ATHENS – Having driven thousands of Greeks to other countries to escape crushing austerity measures, the ruling Radical Left SYRIZA-led coalition has refused to support a proposal by the major rival New Democracy to let Greeks abroad vote in elections.
The Conservatives proposal would let citizens already registered in any of Greece’s electoral districts would be allowed to vote for candidates on a single nationwide ticket. Polling would take place at embassies and consulates.
New Democracy leader’s call to Prime Minister Alexis Tsipras to back the proposal in Parliament was snubbed. A two-thirds majority would mean the measure would apply in the next national election.
The new rejection means some 400,000 Greeks living abroad still don’t have the right to vote in elections in their homeland. The proposal requires the vote of 200 of the 300 Members of Parliament.
New Democracy said it now would only agree to government plans to break up Athens’s second electoral district into smaller divisions if the coalition that includes the pro-austerity, marginal, jingoistic Independent Greeks (ANEL) adopts the Diaspora vote.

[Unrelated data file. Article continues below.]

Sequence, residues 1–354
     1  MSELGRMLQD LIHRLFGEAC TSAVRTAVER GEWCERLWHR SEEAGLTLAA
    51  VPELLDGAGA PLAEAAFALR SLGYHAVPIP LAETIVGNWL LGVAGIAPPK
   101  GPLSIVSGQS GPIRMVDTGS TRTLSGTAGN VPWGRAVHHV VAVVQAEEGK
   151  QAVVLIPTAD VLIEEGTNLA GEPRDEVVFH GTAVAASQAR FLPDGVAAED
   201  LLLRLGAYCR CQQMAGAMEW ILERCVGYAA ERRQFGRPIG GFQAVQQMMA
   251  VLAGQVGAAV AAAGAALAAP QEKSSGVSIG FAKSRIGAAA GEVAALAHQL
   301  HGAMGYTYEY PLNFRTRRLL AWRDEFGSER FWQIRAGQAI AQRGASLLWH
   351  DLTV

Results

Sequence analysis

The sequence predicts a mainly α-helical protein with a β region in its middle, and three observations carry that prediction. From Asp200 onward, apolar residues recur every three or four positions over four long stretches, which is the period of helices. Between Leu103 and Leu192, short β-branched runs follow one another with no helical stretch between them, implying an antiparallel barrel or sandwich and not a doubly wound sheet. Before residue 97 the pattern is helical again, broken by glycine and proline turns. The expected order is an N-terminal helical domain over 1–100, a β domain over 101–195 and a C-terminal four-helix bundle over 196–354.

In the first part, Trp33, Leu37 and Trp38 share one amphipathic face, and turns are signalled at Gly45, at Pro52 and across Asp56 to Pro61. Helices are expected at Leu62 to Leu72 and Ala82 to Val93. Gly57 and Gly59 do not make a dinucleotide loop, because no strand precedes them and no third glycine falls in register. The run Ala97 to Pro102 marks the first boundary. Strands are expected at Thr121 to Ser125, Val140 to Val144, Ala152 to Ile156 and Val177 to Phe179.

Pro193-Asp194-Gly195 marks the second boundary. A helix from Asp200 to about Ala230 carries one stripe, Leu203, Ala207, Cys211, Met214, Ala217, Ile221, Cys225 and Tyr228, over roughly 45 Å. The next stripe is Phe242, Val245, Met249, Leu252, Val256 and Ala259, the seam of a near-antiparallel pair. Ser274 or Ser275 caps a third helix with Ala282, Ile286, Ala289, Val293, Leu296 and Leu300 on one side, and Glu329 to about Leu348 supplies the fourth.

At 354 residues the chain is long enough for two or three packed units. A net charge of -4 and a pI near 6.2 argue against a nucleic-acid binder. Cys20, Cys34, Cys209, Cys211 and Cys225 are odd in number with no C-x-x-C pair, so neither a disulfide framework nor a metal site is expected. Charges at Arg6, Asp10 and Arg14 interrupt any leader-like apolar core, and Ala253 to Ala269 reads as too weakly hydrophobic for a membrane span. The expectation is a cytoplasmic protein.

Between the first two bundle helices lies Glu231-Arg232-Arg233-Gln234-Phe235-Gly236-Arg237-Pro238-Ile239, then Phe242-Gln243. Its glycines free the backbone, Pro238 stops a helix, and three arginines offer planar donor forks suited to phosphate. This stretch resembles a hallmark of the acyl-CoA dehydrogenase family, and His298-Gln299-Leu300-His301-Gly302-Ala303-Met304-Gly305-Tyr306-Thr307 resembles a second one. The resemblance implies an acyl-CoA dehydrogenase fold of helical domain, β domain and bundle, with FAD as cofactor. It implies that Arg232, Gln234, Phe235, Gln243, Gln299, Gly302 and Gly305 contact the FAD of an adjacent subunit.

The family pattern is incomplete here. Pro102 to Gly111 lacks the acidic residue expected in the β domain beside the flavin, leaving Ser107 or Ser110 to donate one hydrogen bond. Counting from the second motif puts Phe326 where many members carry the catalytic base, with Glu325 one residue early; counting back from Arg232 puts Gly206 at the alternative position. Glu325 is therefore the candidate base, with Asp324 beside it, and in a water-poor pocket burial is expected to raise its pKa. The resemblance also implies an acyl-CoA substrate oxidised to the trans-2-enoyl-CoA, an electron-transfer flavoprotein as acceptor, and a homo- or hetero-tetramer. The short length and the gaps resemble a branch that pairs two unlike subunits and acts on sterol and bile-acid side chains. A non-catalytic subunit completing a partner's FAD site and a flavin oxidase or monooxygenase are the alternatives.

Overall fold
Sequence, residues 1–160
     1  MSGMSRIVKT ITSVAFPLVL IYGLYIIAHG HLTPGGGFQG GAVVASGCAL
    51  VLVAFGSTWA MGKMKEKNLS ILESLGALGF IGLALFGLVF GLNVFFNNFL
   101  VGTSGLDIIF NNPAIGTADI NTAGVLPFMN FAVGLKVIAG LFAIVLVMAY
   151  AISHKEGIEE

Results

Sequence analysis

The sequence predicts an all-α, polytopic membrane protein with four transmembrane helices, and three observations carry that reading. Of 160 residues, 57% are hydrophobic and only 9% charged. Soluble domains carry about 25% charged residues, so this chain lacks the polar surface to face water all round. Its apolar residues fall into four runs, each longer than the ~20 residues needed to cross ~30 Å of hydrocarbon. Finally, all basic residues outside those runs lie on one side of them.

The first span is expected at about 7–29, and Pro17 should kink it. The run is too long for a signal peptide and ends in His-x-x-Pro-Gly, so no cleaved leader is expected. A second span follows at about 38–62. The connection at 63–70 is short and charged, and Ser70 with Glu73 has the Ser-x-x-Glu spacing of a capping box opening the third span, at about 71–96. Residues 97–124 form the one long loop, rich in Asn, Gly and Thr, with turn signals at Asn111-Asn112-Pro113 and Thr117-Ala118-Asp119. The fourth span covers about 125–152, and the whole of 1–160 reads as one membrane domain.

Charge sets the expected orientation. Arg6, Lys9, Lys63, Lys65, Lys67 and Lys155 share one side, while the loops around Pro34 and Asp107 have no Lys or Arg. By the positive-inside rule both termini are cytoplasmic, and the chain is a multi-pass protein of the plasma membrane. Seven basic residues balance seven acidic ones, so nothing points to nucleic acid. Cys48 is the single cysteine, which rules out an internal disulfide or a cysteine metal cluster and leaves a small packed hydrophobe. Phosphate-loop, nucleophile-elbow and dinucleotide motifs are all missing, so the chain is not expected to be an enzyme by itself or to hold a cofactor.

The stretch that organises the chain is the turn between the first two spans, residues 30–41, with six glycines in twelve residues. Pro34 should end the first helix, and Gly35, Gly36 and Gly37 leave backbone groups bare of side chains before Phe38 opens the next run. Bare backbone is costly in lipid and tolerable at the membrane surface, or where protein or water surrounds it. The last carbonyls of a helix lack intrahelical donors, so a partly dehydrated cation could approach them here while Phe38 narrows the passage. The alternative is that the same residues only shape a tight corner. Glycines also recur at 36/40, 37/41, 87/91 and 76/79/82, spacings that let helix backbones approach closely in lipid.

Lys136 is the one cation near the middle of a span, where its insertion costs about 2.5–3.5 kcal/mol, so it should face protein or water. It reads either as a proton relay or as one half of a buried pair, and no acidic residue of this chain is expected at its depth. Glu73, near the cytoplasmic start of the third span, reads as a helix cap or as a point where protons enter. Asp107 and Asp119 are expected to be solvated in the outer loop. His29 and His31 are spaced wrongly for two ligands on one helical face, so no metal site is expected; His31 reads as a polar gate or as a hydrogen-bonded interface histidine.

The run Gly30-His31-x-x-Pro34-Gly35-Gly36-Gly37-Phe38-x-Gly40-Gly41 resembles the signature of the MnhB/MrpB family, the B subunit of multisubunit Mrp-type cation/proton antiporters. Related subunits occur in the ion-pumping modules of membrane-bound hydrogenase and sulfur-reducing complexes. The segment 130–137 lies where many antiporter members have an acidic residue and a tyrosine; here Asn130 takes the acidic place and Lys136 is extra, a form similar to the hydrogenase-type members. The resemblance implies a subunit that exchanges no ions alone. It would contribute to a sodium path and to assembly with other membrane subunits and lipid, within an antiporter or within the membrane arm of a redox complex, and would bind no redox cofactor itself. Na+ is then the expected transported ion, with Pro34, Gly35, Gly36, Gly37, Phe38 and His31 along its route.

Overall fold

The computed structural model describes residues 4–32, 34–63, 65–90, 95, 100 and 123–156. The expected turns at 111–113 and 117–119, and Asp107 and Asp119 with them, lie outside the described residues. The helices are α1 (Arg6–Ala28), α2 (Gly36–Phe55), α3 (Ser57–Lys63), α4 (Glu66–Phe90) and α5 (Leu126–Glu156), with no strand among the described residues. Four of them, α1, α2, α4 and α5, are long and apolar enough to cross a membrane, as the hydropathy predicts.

“This is the only just (thing) that the government has implemented,” New Democracy said in a swipe at SYRIZA campaign slogans without mentioning that while in power the Conservatives didn’t give the Diaspora the right to vote in Greek elections either.
A New Democracy proposal in 2008, when the Conservatives were in power, never got off the ground although it seemed certain to be approved at one point but opposition from the now-defunct PASOK Socialists – who later served New Democracy in a coalition – derailed the proposal.
In 2009, PASOK was unhappy that its plan for a postal ballot to be included was not allowed and killed the bill by withholding its support, as SYRIZA – which also objected to the idea nine years ago – is again doing now.
The Socialists also wanted constituencies to be created for Greeks abroad so that they can directly elect MPs to Parliament. The Communist Party at the time also expressed its opposition to the bill, saying that it would have a disproportionate effect on the election result.